From the very moment Ultrabooks
always envisioned these lightweight, high-performance PCs striking a balance between cutting edge hardware, portability, and price. For the most part, Ultrabook makers have been able to juggle all three, but as far as Intel is concerned, these thin and light machines still need to come down in price.
In speaking with supply chain makers in Taiwan, DigiTimes reports Intel has scheduled a meeting in July to come up with a strategy to decrease production costs, which would then be passed on to the consumer. Ideally, Intel wants to see Ultrabook models routinely selling in the $699 range in the second half of this year.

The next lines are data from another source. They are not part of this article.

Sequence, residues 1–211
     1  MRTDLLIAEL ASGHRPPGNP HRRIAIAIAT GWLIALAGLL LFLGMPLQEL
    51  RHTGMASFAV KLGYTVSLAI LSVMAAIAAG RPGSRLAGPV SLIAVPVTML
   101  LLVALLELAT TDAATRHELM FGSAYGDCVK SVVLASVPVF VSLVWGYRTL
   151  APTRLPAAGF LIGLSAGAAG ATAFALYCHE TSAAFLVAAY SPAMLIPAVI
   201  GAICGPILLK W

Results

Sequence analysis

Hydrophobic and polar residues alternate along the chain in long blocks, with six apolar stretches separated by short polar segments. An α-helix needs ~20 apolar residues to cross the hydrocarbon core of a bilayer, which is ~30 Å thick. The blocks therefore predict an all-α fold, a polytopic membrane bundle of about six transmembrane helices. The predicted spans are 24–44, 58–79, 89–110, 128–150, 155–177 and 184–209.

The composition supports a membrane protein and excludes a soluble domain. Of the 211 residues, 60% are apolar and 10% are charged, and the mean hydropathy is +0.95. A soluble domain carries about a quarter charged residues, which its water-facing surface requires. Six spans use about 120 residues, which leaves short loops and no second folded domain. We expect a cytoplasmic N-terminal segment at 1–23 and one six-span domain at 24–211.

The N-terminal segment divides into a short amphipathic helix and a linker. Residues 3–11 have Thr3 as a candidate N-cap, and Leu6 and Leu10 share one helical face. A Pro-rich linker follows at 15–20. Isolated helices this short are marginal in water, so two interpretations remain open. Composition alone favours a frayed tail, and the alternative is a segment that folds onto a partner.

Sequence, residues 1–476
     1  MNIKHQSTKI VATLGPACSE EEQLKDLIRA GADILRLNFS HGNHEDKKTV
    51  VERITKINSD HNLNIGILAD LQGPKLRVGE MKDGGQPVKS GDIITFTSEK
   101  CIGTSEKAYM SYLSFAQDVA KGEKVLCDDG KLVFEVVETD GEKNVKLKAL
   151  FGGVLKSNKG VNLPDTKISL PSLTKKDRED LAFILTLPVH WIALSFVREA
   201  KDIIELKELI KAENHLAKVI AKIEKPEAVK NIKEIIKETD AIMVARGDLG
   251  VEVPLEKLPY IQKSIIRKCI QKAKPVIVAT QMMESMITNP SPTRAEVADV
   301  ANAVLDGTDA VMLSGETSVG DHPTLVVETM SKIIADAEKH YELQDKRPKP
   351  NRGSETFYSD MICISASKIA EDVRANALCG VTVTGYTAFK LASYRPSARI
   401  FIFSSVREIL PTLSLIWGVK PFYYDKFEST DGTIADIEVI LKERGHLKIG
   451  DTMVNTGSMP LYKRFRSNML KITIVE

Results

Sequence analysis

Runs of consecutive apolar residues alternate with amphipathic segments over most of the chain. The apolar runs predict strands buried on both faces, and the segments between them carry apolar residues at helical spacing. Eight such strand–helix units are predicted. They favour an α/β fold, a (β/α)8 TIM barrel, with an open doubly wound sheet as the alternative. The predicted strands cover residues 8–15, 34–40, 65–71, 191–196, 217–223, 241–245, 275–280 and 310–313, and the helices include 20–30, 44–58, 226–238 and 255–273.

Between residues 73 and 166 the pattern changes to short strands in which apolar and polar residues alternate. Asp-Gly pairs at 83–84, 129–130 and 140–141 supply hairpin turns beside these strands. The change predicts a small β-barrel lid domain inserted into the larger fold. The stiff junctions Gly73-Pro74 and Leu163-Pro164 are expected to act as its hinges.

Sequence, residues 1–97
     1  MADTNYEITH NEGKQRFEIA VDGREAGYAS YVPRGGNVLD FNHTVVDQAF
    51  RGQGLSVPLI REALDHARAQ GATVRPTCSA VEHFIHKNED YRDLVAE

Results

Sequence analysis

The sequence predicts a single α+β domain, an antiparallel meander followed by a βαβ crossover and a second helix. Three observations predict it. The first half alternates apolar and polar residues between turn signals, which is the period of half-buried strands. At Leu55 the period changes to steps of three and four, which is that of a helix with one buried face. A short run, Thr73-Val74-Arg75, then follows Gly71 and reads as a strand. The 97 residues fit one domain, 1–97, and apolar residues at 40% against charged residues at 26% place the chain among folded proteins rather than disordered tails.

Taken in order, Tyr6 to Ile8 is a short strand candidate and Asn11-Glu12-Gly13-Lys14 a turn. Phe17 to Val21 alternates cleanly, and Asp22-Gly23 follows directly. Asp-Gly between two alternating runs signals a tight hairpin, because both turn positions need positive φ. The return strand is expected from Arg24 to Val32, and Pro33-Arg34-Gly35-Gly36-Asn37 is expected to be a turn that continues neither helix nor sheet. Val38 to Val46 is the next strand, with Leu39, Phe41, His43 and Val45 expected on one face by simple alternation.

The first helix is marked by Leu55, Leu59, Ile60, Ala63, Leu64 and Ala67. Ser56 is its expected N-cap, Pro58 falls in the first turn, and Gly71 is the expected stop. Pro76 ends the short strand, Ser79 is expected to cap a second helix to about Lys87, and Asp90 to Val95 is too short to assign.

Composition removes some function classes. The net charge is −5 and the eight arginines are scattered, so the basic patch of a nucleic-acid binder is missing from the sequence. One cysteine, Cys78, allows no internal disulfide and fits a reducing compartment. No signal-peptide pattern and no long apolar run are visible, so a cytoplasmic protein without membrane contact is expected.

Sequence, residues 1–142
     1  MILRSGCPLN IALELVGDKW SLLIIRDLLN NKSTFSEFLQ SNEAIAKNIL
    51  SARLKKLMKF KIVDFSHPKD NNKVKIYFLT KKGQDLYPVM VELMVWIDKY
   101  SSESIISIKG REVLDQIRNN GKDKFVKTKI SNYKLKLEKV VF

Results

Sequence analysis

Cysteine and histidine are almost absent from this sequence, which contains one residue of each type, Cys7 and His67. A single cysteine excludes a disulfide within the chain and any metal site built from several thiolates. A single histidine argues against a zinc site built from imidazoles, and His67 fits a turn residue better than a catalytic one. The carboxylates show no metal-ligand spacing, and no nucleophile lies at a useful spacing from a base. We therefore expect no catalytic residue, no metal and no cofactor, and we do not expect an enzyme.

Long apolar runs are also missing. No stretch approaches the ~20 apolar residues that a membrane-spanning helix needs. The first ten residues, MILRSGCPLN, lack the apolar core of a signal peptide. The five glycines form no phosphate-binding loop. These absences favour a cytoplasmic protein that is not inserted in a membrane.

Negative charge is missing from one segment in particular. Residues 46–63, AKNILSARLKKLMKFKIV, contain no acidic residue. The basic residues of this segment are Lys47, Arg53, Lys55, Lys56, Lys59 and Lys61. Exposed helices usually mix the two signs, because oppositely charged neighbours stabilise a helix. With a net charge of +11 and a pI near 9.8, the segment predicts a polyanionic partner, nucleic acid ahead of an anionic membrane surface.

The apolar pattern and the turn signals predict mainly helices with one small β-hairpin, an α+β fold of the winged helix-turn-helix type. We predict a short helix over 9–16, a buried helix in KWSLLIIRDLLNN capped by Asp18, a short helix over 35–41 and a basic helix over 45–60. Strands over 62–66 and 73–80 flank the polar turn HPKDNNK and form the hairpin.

Ultrabooks made of aluminum are sexy, but they're also more expensive than ones that use plastic.
That might have been a tough goal at the very beginning, but as the form factor has picked up steam, prices have steadily trickled down. Even Apple was able to reduce the price of its refreshed MacBook Air models by $100, and those are toting Ivy Bridge hardware inside.
One of the ways Intel thinks prices could be lowered is by using fiberglass-reinforced plastic instead of aluminum alloy for the chassis. Lower cost batteries and hybrid hard drives in place of solid state drives could also help push prices down.